What are Leavening Acids?
Leavening acids are part of chemical leavening system used to provide porosity in cake and batter systems.
A leavening acid is used in conjunction with a carbon dioxide source such as baking soda which then produces water and carbon dioxide that provides the leavening. This mixture is commonly called baking powder (which also includes a buffer such as starch).
Chemical leavening, in general, has been around since the late 1700’s when Amelia Simmons first noted leavening characteristics of pearl ash, or potassium carbonate. This later evolved into what is now known as baking powder.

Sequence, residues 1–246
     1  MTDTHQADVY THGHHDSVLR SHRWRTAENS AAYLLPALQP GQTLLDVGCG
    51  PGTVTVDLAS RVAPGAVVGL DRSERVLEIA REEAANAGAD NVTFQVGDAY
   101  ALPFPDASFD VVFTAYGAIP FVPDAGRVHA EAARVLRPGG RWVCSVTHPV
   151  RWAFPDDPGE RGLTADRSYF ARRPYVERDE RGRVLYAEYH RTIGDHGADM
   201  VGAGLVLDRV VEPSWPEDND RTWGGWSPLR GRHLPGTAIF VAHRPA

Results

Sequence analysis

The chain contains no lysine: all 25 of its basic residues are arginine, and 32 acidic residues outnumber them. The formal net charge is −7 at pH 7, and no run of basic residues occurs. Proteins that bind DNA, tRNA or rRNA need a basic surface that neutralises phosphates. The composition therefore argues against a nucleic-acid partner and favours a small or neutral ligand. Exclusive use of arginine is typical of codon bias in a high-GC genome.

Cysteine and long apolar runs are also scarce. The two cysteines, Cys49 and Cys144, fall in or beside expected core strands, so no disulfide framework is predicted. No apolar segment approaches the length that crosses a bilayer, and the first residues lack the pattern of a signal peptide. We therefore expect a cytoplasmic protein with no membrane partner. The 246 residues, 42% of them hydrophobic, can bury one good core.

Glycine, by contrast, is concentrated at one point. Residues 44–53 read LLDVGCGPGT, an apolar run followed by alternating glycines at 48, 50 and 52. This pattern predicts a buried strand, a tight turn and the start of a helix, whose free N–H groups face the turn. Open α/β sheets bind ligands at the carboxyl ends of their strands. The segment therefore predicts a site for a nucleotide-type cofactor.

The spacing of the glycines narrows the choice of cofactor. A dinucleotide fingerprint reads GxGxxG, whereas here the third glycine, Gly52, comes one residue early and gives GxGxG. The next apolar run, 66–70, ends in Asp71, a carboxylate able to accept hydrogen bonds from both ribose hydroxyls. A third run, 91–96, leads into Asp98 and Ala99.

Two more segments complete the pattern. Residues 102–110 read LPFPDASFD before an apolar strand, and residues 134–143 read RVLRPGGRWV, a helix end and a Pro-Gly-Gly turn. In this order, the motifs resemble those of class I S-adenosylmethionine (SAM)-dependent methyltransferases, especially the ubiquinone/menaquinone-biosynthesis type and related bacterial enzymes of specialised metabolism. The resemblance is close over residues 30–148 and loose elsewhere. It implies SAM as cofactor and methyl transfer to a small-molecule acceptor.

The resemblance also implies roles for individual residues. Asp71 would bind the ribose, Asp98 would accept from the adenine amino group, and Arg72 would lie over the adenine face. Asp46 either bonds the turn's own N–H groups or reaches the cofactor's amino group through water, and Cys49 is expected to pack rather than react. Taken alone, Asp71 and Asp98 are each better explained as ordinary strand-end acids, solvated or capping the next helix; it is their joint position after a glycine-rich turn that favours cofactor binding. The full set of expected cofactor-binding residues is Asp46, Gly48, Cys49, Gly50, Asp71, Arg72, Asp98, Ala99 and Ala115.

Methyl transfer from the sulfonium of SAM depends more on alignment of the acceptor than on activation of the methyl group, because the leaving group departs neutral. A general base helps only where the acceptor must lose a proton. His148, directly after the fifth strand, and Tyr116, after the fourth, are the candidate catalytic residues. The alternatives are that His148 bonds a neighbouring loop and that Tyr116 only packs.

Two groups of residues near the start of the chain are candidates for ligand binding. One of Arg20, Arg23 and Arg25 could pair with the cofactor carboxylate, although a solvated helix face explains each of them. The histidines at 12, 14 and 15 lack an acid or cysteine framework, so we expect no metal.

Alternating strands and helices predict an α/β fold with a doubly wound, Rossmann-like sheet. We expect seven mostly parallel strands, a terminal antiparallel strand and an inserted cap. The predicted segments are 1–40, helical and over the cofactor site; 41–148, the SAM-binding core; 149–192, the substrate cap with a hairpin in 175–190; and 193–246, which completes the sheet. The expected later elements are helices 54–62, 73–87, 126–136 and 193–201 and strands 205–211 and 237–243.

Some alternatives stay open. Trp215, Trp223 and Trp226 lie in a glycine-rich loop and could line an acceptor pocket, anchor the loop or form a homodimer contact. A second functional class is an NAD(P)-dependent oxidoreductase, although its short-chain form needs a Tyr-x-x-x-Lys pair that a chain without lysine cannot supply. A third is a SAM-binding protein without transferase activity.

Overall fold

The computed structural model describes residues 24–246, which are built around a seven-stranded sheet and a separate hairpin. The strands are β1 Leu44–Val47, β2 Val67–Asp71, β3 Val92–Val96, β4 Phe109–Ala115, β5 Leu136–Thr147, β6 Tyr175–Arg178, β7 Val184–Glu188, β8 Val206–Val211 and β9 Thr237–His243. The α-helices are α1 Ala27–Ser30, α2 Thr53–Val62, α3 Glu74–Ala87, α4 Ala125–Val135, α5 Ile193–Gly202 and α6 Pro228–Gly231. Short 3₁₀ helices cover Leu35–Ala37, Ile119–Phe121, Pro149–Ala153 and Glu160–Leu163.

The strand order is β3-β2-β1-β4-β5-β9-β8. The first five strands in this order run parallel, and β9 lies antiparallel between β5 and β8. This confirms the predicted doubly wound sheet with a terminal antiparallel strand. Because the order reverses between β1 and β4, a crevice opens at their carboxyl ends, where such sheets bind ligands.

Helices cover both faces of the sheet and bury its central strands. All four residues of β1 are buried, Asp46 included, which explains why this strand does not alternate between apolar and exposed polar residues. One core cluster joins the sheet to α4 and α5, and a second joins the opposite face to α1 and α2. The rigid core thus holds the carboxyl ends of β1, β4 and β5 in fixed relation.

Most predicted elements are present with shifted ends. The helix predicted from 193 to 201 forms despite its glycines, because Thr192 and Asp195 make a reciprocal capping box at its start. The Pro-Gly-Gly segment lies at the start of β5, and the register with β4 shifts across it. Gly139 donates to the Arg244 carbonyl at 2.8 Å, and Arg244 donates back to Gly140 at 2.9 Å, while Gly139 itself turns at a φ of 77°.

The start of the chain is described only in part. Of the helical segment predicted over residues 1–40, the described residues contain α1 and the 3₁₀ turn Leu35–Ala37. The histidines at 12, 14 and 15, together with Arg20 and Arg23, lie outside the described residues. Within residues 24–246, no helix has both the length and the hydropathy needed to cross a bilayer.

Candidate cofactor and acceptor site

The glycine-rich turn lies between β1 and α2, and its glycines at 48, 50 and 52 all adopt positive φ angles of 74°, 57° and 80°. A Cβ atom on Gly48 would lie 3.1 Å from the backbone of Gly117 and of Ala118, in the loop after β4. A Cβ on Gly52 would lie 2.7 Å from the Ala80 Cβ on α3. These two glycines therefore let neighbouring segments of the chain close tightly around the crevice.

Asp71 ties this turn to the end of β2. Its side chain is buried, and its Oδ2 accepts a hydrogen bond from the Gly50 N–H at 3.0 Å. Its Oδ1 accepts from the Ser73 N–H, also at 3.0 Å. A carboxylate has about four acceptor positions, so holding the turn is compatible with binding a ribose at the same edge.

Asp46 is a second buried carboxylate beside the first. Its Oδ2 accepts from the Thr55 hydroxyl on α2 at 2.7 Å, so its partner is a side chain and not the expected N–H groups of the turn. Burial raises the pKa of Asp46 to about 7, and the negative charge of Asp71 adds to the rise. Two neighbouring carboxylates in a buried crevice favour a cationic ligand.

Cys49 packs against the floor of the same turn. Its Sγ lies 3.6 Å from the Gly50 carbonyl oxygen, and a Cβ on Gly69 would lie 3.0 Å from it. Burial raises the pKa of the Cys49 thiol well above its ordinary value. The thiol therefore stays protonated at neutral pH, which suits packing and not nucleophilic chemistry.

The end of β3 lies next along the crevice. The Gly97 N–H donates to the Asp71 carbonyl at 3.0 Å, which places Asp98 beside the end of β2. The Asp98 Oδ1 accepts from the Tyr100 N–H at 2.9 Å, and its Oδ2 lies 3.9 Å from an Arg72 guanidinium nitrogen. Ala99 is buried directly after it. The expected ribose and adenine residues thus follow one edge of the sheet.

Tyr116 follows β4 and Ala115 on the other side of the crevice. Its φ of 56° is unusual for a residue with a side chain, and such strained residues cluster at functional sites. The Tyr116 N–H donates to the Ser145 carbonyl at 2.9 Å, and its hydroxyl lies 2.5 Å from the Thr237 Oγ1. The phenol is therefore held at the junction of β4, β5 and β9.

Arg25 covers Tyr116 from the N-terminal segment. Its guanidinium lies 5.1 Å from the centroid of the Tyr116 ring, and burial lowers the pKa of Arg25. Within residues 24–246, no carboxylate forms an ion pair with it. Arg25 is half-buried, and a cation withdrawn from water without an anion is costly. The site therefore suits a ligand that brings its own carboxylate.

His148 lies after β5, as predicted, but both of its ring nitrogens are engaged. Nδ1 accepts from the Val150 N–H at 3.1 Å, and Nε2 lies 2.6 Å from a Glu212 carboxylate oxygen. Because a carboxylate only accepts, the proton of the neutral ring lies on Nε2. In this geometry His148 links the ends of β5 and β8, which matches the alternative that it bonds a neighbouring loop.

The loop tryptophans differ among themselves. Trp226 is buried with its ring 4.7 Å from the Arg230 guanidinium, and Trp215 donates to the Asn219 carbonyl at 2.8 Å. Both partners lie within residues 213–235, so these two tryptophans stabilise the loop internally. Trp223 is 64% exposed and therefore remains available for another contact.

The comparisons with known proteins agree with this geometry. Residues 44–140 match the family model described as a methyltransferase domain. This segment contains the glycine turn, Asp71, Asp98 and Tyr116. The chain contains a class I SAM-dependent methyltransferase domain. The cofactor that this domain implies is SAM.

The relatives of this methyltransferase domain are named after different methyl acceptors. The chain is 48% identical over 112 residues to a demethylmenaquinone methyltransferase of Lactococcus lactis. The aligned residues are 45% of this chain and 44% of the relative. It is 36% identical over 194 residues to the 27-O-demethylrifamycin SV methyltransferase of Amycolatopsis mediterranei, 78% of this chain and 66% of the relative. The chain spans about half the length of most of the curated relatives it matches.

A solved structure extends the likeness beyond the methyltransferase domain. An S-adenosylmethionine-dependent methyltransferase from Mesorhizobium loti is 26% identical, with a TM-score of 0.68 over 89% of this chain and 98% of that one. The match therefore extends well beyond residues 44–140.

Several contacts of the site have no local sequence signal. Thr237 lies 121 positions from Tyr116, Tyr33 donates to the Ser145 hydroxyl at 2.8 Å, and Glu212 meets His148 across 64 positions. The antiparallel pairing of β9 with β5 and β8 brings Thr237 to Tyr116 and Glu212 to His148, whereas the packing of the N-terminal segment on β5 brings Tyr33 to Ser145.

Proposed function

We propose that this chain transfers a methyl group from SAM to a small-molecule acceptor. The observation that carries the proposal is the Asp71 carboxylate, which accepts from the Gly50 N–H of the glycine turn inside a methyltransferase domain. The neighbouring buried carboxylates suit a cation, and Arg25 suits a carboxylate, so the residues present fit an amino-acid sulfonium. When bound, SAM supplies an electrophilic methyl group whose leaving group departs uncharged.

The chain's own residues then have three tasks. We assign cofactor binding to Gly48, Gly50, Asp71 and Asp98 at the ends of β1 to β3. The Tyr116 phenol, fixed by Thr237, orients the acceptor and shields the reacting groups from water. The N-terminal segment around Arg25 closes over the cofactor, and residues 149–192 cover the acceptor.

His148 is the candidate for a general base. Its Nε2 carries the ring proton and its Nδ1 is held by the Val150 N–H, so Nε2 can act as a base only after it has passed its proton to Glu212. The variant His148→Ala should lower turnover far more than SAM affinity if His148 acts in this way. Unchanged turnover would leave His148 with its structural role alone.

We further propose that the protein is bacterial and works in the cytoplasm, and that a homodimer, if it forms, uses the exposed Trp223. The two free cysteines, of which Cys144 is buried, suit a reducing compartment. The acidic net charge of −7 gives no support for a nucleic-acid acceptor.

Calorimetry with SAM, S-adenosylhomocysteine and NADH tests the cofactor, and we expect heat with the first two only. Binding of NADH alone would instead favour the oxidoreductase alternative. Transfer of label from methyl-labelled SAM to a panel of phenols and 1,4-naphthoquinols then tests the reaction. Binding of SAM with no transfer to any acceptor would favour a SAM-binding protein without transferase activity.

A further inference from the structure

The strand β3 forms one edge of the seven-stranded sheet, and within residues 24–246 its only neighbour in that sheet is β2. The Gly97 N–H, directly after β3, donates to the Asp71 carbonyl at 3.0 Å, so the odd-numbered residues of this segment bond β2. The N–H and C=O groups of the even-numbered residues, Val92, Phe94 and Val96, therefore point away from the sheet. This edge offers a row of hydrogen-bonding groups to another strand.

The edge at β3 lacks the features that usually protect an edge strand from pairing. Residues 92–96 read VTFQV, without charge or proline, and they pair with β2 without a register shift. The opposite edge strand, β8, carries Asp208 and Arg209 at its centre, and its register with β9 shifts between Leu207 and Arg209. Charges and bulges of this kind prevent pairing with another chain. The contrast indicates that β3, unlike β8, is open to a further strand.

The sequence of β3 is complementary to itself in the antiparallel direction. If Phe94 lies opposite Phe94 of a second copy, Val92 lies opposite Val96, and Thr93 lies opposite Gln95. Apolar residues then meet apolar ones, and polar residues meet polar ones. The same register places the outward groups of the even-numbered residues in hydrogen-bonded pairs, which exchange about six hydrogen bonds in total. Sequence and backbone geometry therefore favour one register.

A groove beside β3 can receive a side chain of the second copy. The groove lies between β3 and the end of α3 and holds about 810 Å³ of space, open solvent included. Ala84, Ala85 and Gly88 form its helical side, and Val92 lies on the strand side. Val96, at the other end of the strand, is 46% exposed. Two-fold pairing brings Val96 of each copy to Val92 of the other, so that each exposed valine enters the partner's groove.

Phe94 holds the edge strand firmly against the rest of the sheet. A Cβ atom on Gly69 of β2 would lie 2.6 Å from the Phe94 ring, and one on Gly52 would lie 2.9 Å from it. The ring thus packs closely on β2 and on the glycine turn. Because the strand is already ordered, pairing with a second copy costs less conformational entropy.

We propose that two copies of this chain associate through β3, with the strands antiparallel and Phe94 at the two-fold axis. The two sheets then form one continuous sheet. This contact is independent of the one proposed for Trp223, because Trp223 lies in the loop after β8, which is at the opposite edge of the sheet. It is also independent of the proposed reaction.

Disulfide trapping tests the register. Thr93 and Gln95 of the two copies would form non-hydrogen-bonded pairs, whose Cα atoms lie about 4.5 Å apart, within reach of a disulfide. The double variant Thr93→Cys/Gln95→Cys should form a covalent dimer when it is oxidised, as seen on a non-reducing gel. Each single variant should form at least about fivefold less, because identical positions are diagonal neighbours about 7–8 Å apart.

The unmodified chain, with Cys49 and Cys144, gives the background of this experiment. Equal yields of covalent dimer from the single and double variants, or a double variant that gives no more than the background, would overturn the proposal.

The importance of the types of leavening acids lies in their neutralizing values (NV). The higher the neutralizing value, the faster they react. Therefore, if the requirement is a delayed reaction, like frozen batter, then the choice would be a lower neutralizing value provided by glucono delta lactone.
Types of leavening acids and their NV:
Dicalcium Phosphate Dehydrate(DCPD) -33
Glucono Delta Lactone (GDL) -45
Cream of tartar -45
Sodium Acid Pyrophosphate (SAPP) -72
Monocalcium Phosphate Monohydrate (MCP) -80
Anhydrous Monocalcium Phosphate (AMCP) -83
Sodium Aluminium Phosphate (SALP) -100
Sodium Aluminium Sulfate (SAS) -104